Having seen several Brown Argus going to roost on Thursday, just before the heavy rainstorm I decided to have another go on Friday as there was some late afternoon sunshine forecast. I arrived early afternoon to the area, having seen en route my first Hummingbird Hawk Moth of the year that nectared just by me briefly. On arrival at the site it was feeling pretty cool with a stiff breeze and heavy clouds and it wasn't long before I had found a roosting Grizzled Skipper. In the distance I could see the clouds were thinning so I kept close so that I could get some shots of the Skipper as it opened its wings when the sun came out. Every time I looked up blue sky seemed to be getting closer, but it was well over an hour before the weather warmed up enough for the butterfly to wake up. Of course, when eventually it did I was to find there was quite a bit of wing damage, so it was a case of wasted time!!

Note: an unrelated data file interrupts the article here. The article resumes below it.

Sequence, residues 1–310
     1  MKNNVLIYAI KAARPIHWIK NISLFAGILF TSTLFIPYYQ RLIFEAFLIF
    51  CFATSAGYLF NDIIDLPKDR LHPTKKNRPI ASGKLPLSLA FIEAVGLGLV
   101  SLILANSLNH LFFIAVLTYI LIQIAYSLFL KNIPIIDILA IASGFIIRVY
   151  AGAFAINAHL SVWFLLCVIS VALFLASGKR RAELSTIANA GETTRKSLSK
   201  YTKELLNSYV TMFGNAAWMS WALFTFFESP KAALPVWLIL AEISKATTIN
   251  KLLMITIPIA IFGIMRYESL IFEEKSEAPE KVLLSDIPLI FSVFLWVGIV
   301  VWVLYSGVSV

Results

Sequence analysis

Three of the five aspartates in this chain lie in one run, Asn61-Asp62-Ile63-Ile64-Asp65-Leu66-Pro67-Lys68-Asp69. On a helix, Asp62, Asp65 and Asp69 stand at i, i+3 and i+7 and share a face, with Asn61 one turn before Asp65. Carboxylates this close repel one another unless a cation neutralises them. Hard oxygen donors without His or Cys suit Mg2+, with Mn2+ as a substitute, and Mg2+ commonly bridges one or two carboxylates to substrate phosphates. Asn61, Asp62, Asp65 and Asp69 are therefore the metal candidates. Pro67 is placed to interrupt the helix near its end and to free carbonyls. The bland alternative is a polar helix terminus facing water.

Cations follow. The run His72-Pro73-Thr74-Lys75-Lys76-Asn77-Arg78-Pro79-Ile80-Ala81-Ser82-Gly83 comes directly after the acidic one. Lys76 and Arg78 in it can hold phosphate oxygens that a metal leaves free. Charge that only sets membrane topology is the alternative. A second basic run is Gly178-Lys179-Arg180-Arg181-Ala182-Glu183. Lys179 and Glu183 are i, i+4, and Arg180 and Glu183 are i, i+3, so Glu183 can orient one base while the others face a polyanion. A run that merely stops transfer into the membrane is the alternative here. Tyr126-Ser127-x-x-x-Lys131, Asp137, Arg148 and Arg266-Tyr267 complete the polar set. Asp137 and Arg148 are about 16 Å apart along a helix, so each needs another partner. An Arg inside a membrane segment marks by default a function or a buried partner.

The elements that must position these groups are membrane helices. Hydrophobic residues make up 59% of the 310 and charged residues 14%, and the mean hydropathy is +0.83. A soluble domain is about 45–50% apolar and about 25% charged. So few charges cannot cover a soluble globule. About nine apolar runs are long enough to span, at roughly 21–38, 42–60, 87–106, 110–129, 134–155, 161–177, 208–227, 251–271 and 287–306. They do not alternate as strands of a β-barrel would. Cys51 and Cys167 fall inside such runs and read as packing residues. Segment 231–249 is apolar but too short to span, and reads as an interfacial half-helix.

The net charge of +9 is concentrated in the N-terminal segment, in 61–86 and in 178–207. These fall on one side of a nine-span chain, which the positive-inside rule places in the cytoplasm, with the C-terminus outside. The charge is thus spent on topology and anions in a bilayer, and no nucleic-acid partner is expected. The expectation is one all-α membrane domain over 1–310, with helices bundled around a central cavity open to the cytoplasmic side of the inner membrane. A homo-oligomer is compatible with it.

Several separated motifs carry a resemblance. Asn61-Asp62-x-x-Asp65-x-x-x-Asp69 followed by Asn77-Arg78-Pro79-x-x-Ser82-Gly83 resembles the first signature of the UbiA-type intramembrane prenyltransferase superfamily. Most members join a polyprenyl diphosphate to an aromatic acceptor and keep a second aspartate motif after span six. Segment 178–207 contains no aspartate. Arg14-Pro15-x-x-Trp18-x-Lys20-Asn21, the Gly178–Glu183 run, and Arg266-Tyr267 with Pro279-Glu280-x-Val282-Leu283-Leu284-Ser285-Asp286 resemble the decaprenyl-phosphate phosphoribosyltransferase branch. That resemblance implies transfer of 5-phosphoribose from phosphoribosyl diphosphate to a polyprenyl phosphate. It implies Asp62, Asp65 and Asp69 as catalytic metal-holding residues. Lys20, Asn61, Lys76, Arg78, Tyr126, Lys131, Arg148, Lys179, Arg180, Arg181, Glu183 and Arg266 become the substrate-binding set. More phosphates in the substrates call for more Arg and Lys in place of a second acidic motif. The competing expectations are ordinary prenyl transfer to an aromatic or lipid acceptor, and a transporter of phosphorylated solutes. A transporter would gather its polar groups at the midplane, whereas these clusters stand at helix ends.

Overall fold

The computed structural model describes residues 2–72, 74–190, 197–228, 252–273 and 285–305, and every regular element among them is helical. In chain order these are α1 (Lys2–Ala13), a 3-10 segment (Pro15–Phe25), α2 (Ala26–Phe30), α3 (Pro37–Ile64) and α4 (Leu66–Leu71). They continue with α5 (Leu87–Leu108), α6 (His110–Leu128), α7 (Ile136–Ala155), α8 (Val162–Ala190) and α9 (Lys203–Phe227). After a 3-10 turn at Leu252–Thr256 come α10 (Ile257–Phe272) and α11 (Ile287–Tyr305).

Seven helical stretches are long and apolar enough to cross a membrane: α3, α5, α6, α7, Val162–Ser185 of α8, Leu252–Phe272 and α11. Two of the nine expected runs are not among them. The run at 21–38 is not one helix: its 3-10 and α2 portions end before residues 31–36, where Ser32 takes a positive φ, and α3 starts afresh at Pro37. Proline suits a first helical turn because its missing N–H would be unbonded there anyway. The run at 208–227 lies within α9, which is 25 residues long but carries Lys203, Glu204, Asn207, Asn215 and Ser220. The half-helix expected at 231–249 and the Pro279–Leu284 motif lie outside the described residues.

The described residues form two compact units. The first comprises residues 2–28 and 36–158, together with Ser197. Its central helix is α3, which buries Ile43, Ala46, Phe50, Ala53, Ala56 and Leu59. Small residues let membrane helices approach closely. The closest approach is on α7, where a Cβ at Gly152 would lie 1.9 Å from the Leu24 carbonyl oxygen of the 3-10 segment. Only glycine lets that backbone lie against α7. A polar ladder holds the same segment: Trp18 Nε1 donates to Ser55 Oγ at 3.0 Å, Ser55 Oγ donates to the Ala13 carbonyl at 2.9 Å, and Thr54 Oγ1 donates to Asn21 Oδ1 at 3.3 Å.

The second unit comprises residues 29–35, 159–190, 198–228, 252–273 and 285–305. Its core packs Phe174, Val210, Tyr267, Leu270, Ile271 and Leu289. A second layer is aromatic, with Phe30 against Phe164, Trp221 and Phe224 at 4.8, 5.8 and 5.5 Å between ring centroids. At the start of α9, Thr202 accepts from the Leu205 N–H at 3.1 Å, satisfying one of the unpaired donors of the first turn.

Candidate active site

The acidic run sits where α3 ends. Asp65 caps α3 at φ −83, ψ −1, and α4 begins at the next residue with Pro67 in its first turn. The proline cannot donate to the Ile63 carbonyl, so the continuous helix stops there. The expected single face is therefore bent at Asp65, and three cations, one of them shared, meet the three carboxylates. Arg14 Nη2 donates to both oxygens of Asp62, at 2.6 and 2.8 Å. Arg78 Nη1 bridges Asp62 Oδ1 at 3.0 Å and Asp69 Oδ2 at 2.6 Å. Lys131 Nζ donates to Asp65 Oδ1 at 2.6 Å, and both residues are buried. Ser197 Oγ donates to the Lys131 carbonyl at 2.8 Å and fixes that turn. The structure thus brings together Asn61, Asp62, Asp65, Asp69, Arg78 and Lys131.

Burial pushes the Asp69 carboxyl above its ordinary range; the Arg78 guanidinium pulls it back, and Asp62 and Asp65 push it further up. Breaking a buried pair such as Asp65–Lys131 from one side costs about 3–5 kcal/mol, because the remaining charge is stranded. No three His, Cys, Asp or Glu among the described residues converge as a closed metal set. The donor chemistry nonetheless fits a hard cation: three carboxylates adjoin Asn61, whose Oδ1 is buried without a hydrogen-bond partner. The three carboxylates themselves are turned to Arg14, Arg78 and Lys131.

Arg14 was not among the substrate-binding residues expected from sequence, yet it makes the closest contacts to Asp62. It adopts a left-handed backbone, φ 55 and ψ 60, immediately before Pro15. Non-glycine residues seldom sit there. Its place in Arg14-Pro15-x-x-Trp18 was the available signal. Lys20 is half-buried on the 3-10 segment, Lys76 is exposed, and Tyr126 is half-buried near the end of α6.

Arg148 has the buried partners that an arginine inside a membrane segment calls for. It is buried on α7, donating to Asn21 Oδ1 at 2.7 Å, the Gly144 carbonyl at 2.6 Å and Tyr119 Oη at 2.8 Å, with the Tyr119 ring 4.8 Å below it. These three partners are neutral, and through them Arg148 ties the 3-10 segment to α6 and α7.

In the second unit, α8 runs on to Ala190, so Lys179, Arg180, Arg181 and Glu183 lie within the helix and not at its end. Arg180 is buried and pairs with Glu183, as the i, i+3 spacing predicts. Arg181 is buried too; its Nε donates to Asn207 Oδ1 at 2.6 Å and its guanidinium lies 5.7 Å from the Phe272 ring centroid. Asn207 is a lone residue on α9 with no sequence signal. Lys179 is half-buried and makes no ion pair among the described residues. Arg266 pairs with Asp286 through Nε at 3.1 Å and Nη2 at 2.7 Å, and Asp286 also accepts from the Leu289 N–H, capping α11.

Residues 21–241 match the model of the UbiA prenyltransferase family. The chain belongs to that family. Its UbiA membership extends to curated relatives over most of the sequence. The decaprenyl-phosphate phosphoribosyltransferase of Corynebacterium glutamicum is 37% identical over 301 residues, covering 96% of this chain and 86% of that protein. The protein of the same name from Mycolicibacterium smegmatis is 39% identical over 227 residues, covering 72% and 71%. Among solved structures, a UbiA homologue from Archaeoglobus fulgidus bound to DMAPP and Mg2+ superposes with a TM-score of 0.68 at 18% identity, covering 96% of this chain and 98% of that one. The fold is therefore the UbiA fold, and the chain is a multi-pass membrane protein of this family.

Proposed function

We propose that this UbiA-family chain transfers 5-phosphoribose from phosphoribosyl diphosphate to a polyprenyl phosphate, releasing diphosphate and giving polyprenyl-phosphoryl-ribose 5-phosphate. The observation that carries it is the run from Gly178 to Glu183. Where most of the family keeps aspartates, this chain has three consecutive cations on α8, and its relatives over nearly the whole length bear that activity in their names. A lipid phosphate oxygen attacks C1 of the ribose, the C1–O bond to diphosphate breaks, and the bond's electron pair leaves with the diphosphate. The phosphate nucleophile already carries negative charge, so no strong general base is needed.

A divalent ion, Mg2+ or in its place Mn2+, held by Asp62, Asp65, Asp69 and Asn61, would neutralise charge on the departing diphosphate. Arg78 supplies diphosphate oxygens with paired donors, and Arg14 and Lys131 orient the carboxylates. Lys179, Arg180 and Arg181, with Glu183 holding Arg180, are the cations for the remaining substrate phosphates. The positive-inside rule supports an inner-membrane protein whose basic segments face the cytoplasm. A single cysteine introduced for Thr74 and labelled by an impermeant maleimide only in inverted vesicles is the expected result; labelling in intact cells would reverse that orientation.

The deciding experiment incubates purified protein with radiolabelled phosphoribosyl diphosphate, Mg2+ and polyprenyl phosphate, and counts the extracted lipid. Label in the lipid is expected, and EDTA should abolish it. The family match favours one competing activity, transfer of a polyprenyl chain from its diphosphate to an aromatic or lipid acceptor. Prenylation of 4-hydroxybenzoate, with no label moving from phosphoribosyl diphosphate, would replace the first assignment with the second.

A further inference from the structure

Roosting male Grizzled Skipper.
By now the sun had arrived, and the butterflies soon showed themselves including my first Adonis Blue of the year. A Green Hairstreak was also seen briefly. A nest of young black moth larva on one of the bushes that I hope will prove to be Lackey Moth larva. These are superbly coloured larva when they grow so I will keep a good eye on them. Nearby were some nearly fully grown Brown-tail Moth larva.
Brown-tail Moth larva.
As the afternoon went on quite a few Brown Argus were flying around and it wasn't long before they started to land on the tall grasses preparing to go to roost. Every time the sun came out they would open their wings to get as much heat as possible from the late afternoon sun. This gave some great photographic opportunities with these tiny, but beautiful butterflies.
Male Brown Argus preparing to roost.
As the evening arrived all the butterflies closed up for the day with the Brown Argus roosting on the grass stems and heads and the Dingy Skippers on seed-heads.
Roosting Brown Argus.
Roosting Dingy Skipper.